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|Title||Matrix Stimulation of Water Disposal Wells Using Viscoelastic Surfactant-based Acid|
|Authors||H.A. Nasr-El-Din, A.M. Al-Mohammad, A.A. Al-Shurei, N.K. Merwat, Saudi Aramco; M.M. Erbil, M. Samuel, Schlumberger|
SPE Asia Pacific Oil and Gas Conference and Exhibition, 18-20 October 2004, Perth, Australia
|Copyright||2004. Society of Petroleum Engineers|
Application of matrix stimulation treatments in horizontal wells with openhole completions is a challenging task. Acid diversion is one of the key factors that determine the success of these treatments. This is especially true when the target zone has high permeability streaks. Proper acid distribution in carbonate formations can be achieved by increasing the viscosity of the acid in-situ. This can be done by using polymer/cross-linker or viscoelastic surfactant acid systems. The latter system was selected in the present study because of the tight nature of the reservoir and the presence of hydrogen sulfide in the disposal water. Both factors do not favor the use of polymer-based acids.
The surfactant used in the diversion stage is amphoteric. It carries a positive charge in the presence of live HCl acid. Once the acid reacts with the carbonate minerals, the pH of the solution rises and the concentrations of divalent cations (calcium and magnesium) increase. Both factors enhance the viscosity of the solution in-situ. This high viscosity will help in diverting the live acid into other un-stimulated zones. Once the acid stimulation is complete, the high viscosity of spent acid can be broken either by dilution with the injection water or by adding mutual solvent in the pre and post-flushes.
Viscoelastic surfactant-based acids have been successfully used to stimulate oil and gas wells over the last three years. This is the first time these acids were used to matrix acidize water disposal wells worldwide. No operational problems were encountered. Injectivity tests conducted after the acid treatment indicated that the treatment removed the damage; iron sulfide, calcium carbonate particles and trapped oil droplets. The skin factor decreased from + 22 before the treatment to nearly zero after the treatment. The pumping rate increased by a factor of three and the injectivity index increased by a factor of 14. The well maintained its injectivity up to the present time (more than seven months after the treatment) and still showing no signs of decline. An additional benefit of the viscoelastic surfactant acid system is its ability to decrease friction losses during acid pumping. Field data are given to support this new benefit.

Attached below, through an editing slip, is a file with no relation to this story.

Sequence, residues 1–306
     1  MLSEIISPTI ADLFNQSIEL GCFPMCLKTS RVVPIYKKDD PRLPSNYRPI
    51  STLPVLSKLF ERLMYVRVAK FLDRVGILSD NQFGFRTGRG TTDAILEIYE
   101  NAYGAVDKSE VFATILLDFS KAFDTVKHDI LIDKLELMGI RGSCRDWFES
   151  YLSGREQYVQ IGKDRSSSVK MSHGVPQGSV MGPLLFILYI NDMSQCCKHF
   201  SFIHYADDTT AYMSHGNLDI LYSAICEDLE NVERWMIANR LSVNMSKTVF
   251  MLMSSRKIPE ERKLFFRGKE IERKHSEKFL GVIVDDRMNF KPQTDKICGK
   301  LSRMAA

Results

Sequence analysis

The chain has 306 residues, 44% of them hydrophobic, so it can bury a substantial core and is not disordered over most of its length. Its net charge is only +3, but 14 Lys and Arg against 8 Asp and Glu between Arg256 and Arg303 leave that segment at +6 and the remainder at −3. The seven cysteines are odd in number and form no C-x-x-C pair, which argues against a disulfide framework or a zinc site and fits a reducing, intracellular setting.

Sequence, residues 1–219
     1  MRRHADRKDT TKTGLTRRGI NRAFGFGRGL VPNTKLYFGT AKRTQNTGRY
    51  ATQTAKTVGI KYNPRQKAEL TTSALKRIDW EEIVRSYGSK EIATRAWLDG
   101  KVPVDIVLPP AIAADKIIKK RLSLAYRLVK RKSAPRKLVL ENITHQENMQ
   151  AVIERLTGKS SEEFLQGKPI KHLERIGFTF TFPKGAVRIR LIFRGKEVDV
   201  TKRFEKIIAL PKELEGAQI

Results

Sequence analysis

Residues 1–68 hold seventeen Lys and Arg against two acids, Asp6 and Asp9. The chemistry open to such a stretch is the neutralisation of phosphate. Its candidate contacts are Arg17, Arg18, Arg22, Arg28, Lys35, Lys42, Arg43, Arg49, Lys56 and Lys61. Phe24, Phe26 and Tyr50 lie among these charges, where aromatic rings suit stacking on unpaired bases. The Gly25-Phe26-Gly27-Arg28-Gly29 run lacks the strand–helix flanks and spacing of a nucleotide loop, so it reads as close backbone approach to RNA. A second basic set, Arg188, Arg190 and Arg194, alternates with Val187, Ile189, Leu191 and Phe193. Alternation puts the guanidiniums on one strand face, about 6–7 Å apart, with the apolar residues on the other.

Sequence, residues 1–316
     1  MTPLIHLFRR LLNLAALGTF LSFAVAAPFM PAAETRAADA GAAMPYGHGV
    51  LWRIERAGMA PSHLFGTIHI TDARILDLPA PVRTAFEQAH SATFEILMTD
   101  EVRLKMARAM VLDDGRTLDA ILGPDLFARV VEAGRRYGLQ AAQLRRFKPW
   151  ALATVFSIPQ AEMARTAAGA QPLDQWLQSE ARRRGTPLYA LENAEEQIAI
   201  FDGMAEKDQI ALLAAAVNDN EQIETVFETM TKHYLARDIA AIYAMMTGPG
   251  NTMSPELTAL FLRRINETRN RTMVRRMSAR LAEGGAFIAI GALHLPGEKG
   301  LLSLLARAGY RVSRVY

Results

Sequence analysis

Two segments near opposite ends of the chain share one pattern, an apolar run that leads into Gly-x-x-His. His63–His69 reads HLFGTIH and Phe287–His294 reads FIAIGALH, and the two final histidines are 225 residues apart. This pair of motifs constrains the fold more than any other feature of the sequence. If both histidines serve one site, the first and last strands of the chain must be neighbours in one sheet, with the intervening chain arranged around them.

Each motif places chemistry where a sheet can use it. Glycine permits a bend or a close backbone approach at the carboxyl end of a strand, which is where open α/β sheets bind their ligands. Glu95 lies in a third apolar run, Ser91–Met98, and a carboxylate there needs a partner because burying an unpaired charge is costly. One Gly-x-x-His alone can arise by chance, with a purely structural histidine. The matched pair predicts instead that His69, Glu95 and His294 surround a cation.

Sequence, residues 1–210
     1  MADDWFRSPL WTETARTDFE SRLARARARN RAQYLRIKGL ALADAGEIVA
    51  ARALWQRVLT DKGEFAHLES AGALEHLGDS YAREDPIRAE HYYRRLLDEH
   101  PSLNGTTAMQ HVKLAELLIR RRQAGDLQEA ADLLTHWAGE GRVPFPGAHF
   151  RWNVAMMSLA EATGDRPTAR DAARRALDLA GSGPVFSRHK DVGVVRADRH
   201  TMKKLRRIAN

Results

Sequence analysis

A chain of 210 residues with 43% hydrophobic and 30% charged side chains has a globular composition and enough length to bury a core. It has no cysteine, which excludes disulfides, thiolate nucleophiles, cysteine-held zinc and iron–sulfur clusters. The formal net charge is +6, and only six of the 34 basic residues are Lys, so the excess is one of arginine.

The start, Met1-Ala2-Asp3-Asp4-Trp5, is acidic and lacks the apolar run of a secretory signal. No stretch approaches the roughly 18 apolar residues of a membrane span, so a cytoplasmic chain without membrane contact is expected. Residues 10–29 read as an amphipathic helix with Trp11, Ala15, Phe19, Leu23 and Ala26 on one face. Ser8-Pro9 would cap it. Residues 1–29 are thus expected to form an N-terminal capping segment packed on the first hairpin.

One of the main goals of acid stimulation treatments is to remove formation damage induced by drilling mud filter cake. However, the stimulation fluid will flow through the path of least resistance where the permeability is high or the damage (skin) is low. Hydrochloric acid reacts with carbonate materials very fast creating high conductivity flow paths in the formation (also known as wormholes). As a result, most of the injected acid would flow through these paths leaving the majority of the formation untreated. Therefore, there is a need for a proper fluid diversion to enhance the outcome of the treatment. 1-4
Mechanical and chemical means have been utilized for diversion during matrix acidizing treatments with various degrees of success. Unlike cased wells, mechanical means e.g., isolation packers, are less efficient in horizontal wells with open hole completion. Polymer-based acids and foam are the most preferred chemical means for diversion during matrix stimulation of carbonate formations. However, there were some concerns raised when polymer-based acids were used in tight, sour formations.5,6
Viscoelastic surfactant-based fluids have been used for diversion in carbonate reservoirs. They were used to enhance the properties of foams used for diversion in water injectors.7 They were also used to increase the viscosity of HCl during matrix acidizing of horizontal oil producers.8
This paper presents the first application of a viscoelastic surfactant-based acid system to enhance acid diversion in a horizontal water disposal well with an openhole completion. The objective of the stimulation treatment was to increase the injectivity index by at least four folds. This was needed to avoid drilling additional wells for water disposal in this area.